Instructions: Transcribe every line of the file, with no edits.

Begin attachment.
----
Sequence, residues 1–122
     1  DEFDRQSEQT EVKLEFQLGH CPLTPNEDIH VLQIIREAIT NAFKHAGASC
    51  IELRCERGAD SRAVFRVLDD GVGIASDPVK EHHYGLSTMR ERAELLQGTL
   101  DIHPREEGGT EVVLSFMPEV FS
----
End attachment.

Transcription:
Sequence, residues 1–122
     1  DEFDRQSEQT EVKLEFQLGH CPLTPNEDIH VLQIIREAIT NAFKHAGASC
    51  IELRCERGAD SRAVFRVLDD GVGIASDPVK EHHYGLSTMR ERAELLQGTL
   101  DIHPREEGGT EVVLSFMPEV FS